Peace Corps Writers
Talking with . . .

The Bush Survival Bible

An interview by John Coyne
I met Gene Stone (Niger 1974–76) by chance at a party in Thurston Clarke’s (Tunisia 1968) apartment on the upper West Side of New YorkPrinter friendly version years and years ago. He was just back from the Peace Corps and working as an editor, and I was trying to write fiction full time. We eyed each other with equal amounts of suspicion. Editors are always (and I know this from being married to one) cautious of “would be writers” they stumble upon at parties, leery that the writer might try to slip them a bulky manuscript along with the canapé. Gene, as I recall after all these years, was friendly and open and willing to help any RPCV. However, this was the only time we met though from time to time I would spot his name in news about book publishers. Then this fall I came across his name again, this time in connection with the publication of an “instant” book entitled The Bush Survival Bible with the subtitle of “250 Ways to Make It Through the Next Four Years Without Misunderestimating the Dangers Ahead, and Other Subliminable Strategeries.” The book has been as high as number five on the New York Times extended paperback advice, how-to and miscellaneous list, and is already in its seventh printing. Seeking advice myself on how to “survive” the election and wanting to learn what happened to him, I got in touch with Gene Stone, and found him still living on the West Side of New York.
Where were you as a Volunteer, Gene?
I was in Niger, from 1974–1976, and was assigned to teach English at the just-established University of Niamey. The second year, weirdly, I was co-chairman of the English Department. Sounds impressive, but of course, there were only about 15 students and no buildings.
What was that like? Niger? Your job? Do you remember fondly anything from ’74 to ’76?
Those are some pretty big questions, could go on for pages — but I won’t! Mostly I loved my Peace Corps experience. Niger was a warm and hospitable country, the people were unusually open to Americans, and having a job teaching at the university meant that my students were often my age or older. I taught English to them but they taught me a lot of lessons about life that I needed to learn — my students were, for the most part, considerably more mature than I was. Sometimes I look back and feel embarrassed for not having been wiser, which I know they noticed, and I hope they’ve forgiven me.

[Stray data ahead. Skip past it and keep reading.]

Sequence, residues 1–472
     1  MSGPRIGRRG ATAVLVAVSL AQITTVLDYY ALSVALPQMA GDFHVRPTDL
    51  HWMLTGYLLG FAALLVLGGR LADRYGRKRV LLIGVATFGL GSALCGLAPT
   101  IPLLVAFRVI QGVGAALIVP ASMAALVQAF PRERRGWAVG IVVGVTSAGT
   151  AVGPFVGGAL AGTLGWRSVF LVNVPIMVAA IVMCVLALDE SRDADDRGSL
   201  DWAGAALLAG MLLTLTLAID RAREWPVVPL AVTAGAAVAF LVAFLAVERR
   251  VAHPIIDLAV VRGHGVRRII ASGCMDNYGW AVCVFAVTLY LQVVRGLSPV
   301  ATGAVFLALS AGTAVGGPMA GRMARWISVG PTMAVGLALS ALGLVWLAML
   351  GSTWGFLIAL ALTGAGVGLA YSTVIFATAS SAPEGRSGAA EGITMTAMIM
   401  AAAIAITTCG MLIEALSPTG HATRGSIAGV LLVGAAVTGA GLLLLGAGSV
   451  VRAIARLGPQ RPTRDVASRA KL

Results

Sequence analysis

I also miss the Peace Corps camaraderie — making friends with people of all types and backgrounds just on the basis of being in the same country. Most of them weren’t people I would ever have met. I still have several close friends from the group and occasionally hear from others — just a few months ago my old friend Dave Campbell called me from Eugene, Oregon, where he is running a small winery called Casablanca. I hadn’t heard from him in twenty years. But the Peace Corps bond is strong enough that you can just pick up a conversation from that long ago and start talking again.
     I miss Niger, too — the people, the desert, the music in the streets, the food in the marche, the political discussions at all hours of the night. I don’t miss the illnesses, though — I once had malaria, parasites, ringworm, and dysentery at the same time, and dropped 30 pounds from my already skinny 160 pound frame. The malaria visited often, six times in two years. Maybe that’s what keeps me from returning.
     This may sound like a recruiting advertisement, but the Peace Corps was the single greatest experience of my life. I recommend it to everyone, and no one I know who has gone has regretted it.
Let’s talk about your book. Where did you get the idea for The Bush Survival Bible to be published within days of his election?
The book had an odd history — I didn’t come up with the idea until after the third presidential debate. I then called someone at Random House who put me in touch with Jon Karp, the editorial director; he liked the idea but gave me only five days to write the book, so they could publish it right after the election. And, of course, it was only to be published if Bush won. So although I was a die-hard Kerry supporter, I had to work on the project knowing that it would only come out if Kerry lost. I wrote it. Bush won. The book came out.
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